Expert Art Adviser Illa Gaunt Shares Secrets to Curating a Collection in Your Home
An expert art adviser shares her secrets to curating a collection in your home
Texas native Illa Gaunt has traveled the world studying and discovering fine art. Now based in Houston, she helps clients curate personal collections and has transformed her Instagram account into an accessible platform for arts education.
With a Vanderbilt education, Christie’s training and numerous gallery openings under her belt, Gaunt can tactfully identify a true work of art and proceed to transform a house, her blank canvas, into a gallery of its own.
After years advising for galleries, Gaunt began to share her knowledge in more intimate settings. She says, “I always knew I wanted to go out on my own. With the flexibility I have now, I have a wider lens of what I can sell.” Gaunt also speaks to the importance of expanding her clients’ knowledge and appreciation for visual art in their own environments. “It’s really about opening people’s eyes to what’s out there,” Gaunt adds.
In addition to advising in cities like New York, Los Angeles and London, Gaunt’s work spans across Texas. From the Holt Cat headquarters in San Antonio and the Lawndale Art Center in Houston, to numerous residences in Houston, Austin and beyond, many Texans have benefited from Gaunt’s discerning eye. While the epicenter of Gaunt’s work is in Texas, she continues to think globally when it comes to sourcing pieces for clients. “The other day I was placing an artist I found in Ireland that does amazing abstracts,” she says. “I can be the eye all over the world of what’s going on.”
Gaunt has harnessed the reach of social media to educate others about the importance of the arts. Each Sunday, viewers can tune in to her Instagram feed, @_ig_art, for art history lessons, where she recently covered topics like the famed Fabergé eggs created for the Russian imperial family and the land art movement of the 1960s and 1970s.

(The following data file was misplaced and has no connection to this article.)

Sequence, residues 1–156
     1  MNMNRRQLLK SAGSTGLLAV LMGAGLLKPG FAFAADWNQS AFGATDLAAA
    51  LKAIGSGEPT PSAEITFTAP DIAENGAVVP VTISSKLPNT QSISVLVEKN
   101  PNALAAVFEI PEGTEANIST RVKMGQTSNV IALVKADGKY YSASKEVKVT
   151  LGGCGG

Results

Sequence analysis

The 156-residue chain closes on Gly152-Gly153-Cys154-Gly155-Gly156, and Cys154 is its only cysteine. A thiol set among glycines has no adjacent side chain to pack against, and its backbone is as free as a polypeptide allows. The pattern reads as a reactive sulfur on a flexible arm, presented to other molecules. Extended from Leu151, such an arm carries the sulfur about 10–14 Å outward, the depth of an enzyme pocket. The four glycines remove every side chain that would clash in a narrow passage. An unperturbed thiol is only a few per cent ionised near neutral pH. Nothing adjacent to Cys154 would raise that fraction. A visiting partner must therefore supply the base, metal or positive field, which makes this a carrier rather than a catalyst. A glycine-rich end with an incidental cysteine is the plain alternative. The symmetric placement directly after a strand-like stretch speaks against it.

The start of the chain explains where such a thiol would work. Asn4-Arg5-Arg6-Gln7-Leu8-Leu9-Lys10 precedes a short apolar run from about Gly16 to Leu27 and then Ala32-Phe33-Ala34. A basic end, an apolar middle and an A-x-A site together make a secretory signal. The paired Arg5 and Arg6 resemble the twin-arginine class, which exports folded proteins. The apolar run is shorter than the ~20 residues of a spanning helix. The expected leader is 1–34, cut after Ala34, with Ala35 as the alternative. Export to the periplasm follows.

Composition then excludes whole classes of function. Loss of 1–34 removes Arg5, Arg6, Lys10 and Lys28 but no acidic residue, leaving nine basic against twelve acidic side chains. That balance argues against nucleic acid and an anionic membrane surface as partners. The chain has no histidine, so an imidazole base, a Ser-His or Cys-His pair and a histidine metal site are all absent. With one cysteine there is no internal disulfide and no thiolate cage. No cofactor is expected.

When asked what holds people back from exploring the world of fine art, Gaunt says, “People feel intimidated by the process. The art world has a reputation of being intimidating and elitist. If you’re a buyer, you’re a buyer. Galleries are always willing .”
Whether you’re finally surrendering a decade-old concert poster or knee-deep in outfitting your walls with original works, Gaunt has advice for art aficionados at every stage of building a collection.
The Guide to Collecting
For the postgrad poster junkie
Akin to fast fashion, “fast art” graces the walls in homes of millennials and Gen Xers alike. Glossy prints and canvases from your nearest home goods store offer a quick fix but fail to tell a story or provide you with valuable, collectible and shareable works of art.
“It’s important to support artists rather than buying pieces that are merely decorative,” Gaunt says. “I encourage new and seasoned collectors to visit galleries and art fairs to experience a variety of artists and media and take photos. This will help you develop a discerning eye as well as give you more insight into what you like.”